I said: “Vegetable.”
“Turnip?” you said.
“Nope. Ask a question.”
“Are you a root vegetable?”
“No,” I said. “Ask again.”
“Are you in salads?” you said.
“That depends,” I said.
“Depends on what?”
“On what you like to put in your salad.”
I lay on the sofa, you lay on the floor, your head by my feet.
“Are you chalk?” I said.
“Chalk isn’t a mineral,” you said, blowing on your fingers.
“It’s calcium,” I said.
“So. That’s a mineral.”
“No it isn’t.”
“Of course it is.”
I got up, one of my feet slapping you on the ear as I walked over to the window.
“Do you think if we had jobs, it would be better?” you asked from the floor. I hummed something which was supposed to be “Our love will keep us warm, baby”, but half way through, I couldn’t remember if that was actually a song or something I’d invented.
“What?” you said.
“I’ll put the kettle on,” I said.
When you came back with the post, you held the letters out to me as if the red ink would burn through you like acid.
“Let’s run away,” I said. “Barbados, Brighton, Bermuda, Brooklyn.”
“Only B’s?” you said, and slumped onto the couch.
“Today is brought to you by the letter B,” I said.
“Animal,” you said.
“Domesticated?” I said as I shoved the bills down the back of the armchair.
“Depends,” you said.
“Depends on what?”
“If you could be bothered domesticating it.”
“Has anyone?” I said.
“Ever domesticated it?”
“How the fuck should I know?” you said and you made movements with your hands, fluttering them in and out, that could have meant anything on any day in any country in the world.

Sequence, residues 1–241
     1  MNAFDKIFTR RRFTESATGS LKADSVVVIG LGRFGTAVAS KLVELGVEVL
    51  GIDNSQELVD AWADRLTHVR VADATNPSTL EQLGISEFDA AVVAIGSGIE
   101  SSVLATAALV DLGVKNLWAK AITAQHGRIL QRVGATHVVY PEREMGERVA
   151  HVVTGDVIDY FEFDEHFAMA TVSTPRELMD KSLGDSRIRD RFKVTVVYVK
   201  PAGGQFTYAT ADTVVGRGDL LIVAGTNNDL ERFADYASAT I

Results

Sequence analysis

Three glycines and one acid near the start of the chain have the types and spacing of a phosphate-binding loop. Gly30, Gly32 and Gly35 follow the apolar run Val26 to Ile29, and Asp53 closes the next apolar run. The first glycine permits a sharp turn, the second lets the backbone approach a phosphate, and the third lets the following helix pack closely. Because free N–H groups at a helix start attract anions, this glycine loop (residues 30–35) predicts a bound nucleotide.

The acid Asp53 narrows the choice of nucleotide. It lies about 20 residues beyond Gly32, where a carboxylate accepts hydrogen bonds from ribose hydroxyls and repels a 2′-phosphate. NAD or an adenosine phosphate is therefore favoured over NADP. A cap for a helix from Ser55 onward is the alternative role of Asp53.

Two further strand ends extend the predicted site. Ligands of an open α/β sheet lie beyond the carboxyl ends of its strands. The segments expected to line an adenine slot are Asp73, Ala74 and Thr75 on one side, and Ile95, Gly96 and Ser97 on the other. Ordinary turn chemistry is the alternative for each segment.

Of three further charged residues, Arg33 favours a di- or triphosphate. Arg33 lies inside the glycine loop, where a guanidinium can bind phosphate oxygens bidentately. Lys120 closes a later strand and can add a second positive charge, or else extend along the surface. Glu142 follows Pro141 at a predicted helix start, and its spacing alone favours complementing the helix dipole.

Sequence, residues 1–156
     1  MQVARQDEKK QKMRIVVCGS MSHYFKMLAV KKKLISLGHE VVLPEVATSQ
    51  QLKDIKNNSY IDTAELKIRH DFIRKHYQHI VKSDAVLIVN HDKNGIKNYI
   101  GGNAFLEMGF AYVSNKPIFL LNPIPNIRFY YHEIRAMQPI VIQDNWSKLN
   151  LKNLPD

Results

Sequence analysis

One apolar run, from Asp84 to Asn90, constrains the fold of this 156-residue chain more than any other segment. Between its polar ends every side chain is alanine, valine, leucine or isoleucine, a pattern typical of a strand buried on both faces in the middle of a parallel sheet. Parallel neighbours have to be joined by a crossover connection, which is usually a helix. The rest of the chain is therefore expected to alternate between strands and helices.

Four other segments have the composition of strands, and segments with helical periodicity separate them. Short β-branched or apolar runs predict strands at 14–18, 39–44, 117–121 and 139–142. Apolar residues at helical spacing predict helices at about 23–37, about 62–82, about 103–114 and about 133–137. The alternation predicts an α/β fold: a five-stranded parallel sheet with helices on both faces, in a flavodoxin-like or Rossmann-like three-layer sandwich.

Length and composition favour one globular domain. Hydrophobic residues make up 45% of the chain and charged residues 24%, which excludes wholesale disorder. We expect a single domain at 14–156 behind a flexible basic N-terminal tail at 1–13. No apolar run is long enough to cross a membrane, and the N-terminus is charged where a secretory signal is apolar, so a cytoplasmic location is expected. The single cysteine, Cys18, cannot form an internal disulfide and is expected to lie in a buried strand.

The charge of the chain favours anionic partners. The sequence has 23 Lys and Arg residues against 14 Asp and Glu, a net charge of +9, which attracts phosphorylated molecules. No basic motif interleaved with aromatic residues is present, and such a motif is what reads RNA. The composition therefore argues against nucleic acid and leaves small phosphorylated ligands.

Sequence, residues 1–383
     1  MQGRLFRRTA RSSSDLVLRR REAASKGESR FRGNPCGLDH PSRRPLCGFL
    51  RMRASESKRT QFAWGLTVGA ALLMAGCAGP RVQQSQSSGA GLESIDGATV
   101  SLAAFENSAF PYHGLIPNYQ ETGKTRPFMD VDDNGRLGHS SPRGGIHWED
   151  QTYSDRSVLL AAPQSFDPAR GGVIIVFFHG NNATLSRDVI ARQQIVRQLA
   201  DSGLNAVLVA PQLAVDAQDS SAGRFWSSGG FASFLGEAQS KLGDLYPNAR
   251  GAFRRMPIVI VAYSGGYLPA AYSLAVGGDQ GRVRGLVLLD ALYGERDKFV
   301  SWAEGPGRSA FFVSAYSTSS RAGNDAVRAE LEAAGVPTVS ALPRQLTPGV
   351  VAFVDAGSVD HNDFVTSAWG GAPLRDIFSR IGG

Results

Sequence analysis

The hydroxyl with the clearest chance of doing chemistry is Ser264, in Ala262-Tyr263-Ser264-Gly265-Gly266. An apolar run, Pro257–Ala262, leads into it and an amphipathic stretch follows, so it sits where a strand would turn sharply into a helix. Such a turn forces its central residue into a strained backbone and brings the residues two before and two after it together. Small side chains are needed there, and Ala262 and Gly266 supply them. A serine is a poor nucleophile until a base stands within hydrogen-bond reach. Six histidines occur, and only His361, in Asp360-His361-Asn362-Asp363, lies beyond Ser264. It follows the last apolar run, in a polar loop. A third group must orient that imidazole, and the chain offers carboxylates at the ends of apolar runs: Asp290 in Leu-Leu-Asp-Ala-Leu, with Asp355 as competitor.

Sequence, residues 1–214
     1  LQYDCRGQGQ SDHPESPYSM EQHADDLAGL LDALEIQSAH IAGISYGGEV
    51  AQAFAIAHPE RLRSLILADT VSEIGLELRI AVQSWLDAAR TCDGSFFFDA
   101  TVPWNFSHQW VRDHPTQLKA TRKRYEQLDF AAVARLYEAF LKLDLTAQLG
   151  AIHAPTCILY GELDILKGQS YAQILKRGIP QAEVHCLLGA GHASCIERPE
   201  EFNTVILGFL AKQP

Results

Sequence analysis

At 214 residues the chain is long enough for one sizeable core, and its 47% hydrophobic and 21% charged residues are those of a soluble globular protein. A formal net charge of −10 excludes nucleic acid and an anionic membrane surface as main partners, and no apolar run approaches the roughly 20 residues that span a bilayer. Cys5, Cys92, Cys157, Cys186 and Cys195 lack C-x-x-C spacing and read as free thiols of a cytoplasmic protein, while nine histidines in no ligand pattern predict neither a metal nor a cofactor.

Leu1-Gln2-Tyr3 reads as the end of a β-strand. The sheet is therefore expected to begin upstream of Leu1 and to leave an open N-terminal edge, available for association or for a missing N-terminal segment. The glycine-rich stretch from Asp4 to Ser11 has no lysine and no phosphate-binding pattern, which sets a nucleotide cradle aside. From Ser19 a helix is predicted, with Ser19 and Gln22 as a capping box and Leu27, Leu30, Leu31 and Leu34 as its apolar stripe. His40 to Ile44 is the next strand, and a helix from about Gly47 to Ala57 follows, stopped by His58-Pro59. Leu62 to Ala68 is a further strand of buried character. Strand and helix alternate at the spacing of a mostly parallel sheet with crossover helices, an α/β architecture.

We went out that night, you in my old jeans, me in your old tracksuit trousers, your arm through mine, five pounds in a pocket. We shared a half pint of something hopeful and sat in the corner.
“Does it eat other animals?” I said.
“OK, well, that’s something.”
“Ten more questions.”
I took a sip, then slid the glass towards you.
“I might do it,” I said, looking out of the window at the rain hovering above the pavement.
“Don’t,” you said.
“I can’t share half-pints and trousers with you for ever.”
“OK, here’s a freebie — sometimes it has a tail, sometimes it doesn’t.”
“It wouldn’t be so bad. He wouldn’t be such a nightmare boss. I mean, what worse can he do to me now that he didn’t do when I was a kid?”
“The one with a tail, it can have twelve babies at a time. I mean, they’re not called babies, but if I told you what they were called, that’d give it all away.”
“If you sell your soul, can you buy it back later, even if it costs more?” I said, and let that hang in the air while the half-pint got warmer.
The first day, I came home and you weren’t on the sofa and you weren’t in the bedroom. The bathroom door was locked.
“Come out,” I said. “I’m not a monster. Just a working stiff.”
“Animal,” you said from inside.
“Only if you come out.”
“Animal.” I heard you sniffle. Or it could have been a train.
“Fuck. Come on. How long have you been in there?”
I went to put the kettle on. When it boiled, I took our mugs and stood outside the bathroom door.
“Animal,” I said.
“No,” I said, and sat down with my back against the door. I felt you on the other side, the ridges of our spines sinking into the plywood. “Yours?”
I blew on the two teas. I sucked in my breath, and thought that maybe I could hear you sucking in yours. I sat there with your mug and my mug. I imagined zebras, antelopes, wildebeest, mother lions and lion cubs. I pictured you, teaching the lion cubs party tricks, wearing my trousers.
“Domesticated?” I said, and held both mugs up to my face, watching the way the dust motes danced through the steam and twirled around in the last of the afternoon light.